• 43 percent of the respondents said that they ”not at all”, ”to a small extent” or ”to some extent” received information about the institution’s rules and regulations when they got there.
  • 24 percent replied in the three most negative categories on the question about whether they were received at the institution in a satisfactory manner.
  • 38 percent replied that they had to wait “yes, too long”, or “yes, quite long”, while 49 percent said they had to wait “but not long” to get an offer from the institution.

The therapists/personnel

  • 45 percent of the patients replied that they ”not at all”, ”to a small extent”, or “to some extent” have hade enough time for conversations and contact with the therapists/personnel.
  • 42 percent said that they experience that the therapists/personnel ”not at all”, ”to a small extent” or ”to some extent” have understood the patient’s situation.
  • 42 percent replied in the same categories on a question about whether they had confidence in the therapist’/personnel’s professional competence or not.
  • 38 percent said that one of the therapists/personnel ”not at all”, ”to a small extent” or ”to some extent” have had the main responsibility for the patient.
  • 20 percent replied that they ”not at all”, ”to a small extent” or ”to some extent” have been met with courtesy and respect.
  • 44 percent said that they “many times”, “some times” or “one time” have been treated patronizing or offensive by the therapists/personnel.

The treatment

  • 58 percent said they had ”no profit”, ”little profit” or ”some profit” from treatment with medications at the institution.
  • 36 percent replied on the overarching question about treatment that they had ”no profit”, ”little profit” or ”some profit” from the treatment at the institution.
  • Approximately half of the patients said that they ”not at all”, ”to a small extent” or ”to some extent” have had satisfactory information about the treatment, influence on own treatment and experienced that the treatment have been adapted to the patients’ needs.
  • 59 and 61 percent replied that they ”not at all”, ”to a small extent” or ”to some extent” have received help with their physical or psychological problems, respectively.
  • 55 and 53 percent replied that they ”not at all”, ”to a small extent” or ”to some extent” have had satisfactory access to a psychologist or medical doctor, respectively.

The environment and activities

  • 17 percent of the patiens replied that they ”not at all”, ”to a small extent” or ”to some extent” have felt safe at the institution.
  • 32 percent said that the institution ”not at all”, ”to a small extent” or ”to some extent” had facilitated contact with other patients in a satisfactory manner.
  • 51 percent assessed the activities at the institution as ”not at all”, ”to a small extent” or ”to some extent” satisfactory.
  • 29 percent replied that the meals at the institution were ”not at all”, ”to a small extent” or ”to some extent” satisfactory.
  • 45 percent replied that they ”not at all”, ”to a small extent” or ”to some extent” were satisfied with the possibility for a private life.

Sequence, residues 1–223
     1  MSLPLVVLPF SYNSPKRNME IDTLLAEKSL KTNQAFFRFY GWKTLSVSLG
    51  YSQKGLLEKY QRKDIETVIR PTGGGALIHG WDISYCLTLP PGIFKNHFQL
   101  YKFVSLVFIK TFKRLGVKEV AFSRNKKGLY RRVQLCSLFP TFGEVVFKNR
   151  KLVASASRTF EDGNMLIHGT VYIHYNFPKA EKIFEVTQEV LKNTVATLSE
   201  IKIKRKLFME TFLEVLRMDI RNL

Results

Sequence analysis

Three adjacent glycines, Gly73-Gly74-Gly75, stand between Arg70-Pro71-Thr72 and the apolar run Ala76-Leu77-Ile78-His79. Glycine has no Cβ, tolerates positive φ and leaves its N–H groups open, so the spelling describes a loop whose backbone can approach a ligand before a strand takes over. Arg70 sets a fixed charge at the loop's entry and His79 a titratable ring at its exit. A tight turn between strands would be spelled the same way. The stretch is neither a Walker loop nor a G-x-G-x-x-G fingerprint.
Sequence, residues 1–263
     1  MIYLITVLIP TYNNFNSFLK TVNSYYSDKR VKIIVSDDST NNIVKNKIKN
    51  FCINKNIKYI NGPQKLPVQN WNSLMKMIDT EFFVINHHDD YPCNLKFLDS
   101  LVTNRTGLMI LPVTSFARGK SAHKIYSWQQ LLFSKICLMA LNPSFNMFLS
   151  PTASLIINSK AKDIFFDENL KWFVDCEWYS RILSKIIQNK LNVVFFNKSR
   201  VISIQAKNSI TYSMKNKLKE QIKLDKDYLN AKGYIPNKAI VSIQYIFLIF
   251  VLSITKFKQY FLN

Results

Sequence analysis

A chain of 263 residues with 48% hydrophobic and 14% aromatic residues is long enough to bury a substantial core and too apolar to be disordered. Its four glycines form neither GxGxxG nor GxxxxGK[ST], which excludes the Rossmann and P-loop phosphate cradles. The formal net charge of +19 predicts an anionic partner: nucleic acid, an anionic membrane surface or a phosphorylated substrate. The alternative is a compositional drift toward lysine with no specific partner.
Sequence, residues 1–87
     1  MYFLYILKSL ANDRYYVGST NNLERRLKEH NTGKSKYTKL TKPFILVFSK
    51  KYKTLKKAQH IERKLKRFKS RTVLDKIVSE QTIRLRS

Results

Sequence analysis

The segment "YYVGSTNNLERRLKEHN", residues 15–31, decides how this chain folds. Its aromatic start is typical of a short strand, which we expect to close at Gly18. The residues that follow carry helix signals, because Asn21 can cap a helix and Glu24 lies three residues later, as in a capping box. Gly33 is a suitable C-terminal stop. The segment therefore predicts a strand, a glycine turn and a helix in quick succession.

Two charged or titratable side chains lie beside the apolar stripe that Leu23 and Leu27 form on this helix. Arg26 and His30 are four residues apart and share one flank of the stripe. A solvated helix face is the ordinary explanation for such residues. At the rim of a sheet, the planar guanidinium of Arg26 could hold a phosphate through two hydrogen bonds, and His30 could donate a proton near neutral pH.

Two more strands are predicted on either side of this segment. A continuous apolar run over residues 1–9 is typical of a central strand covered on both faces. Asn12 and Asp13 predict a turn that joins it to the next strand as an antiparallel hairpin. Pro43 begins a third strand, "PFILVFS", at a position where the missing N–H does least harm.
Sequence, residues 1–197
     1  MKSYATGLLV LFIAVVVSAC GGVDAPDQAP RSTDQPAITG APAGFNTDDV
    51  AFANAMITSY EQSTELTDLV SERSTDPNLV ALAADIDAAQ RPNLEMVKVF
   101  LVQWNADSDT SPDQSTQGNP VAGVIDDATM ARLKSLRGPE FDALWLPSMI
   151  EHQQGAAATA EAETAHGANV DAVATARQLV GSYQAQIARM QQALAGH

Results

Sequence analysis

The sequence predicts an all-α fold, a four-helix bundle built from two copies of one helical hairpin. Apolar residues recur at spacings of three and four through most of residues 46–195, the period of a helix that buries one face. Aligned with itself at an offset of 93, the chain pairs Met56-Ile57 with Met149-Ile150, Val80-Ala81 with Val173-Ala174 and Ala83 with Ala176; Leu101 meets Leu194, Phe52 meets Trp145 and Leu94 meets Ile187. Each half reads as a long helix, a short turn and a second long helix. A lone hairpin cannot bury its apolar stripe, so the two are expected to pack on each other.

Preparation for the time after discharge

Between 60 and 70 percent replied that the therapists/personnel ”not at all”, ”to a small extent” or ”to some extent” have prepared the patient for the time after discharge, helped the patient with practical issues for the time after discharge, facilitated for further treatment and helped so that the patient could have a meaningful life after discharge.

Other assessments

  • 72 percent of the patients meant that the therapists/personnel had ”not at all”, ”to a small extent” or ”to some extent” cooperated well with the patient’s relatives or relations.
  • More than 40 percent said that the help and treatment at the institution ”not at all”, ”to a small extent” or ”to some extent” made them more able to understand and master their dependency problem.
  • 38 percent replied that the help and the treatment had all in all been ”not at all”, ”to a small extent” or ”to some extent” satisfactory.

Previous admissions

  • 68 percent had been admitted at an institutions previous of this admission.
  • 88 percent replied that the follow-up/aftercare after discharge was ”not at all”, ”to a small extent” or ”to some extent” satisfactory.

Help from the municipality where you live

  • 78 percent replied that they assessed the help previously received from the municipality as ”not at all”, ”to a small extent” or ”to some extent” satisfactory.
  • The dependence adviser and the primary care doctor were stated as the most important bodies/persons.

Conclusion

The survey showed that according to the patients there are large potentials for improvement in several areas. This includes both the institutions the patients are currently admitted to, previous experiences with aftercare after discharge and services received from the municipality. The results are poorer than what is usual in the NOKC’s national user experience surveys, but share some similarities with a national survey among users of residential institutions in mental health care conducted in 2005. There are some areas with good results, e.g. that the patients feel safe at the institution and that they are met with courtesy and respect by the therapists/personnel. The results from the qualitative comments complement and correspond to a large degree with the quantitative results.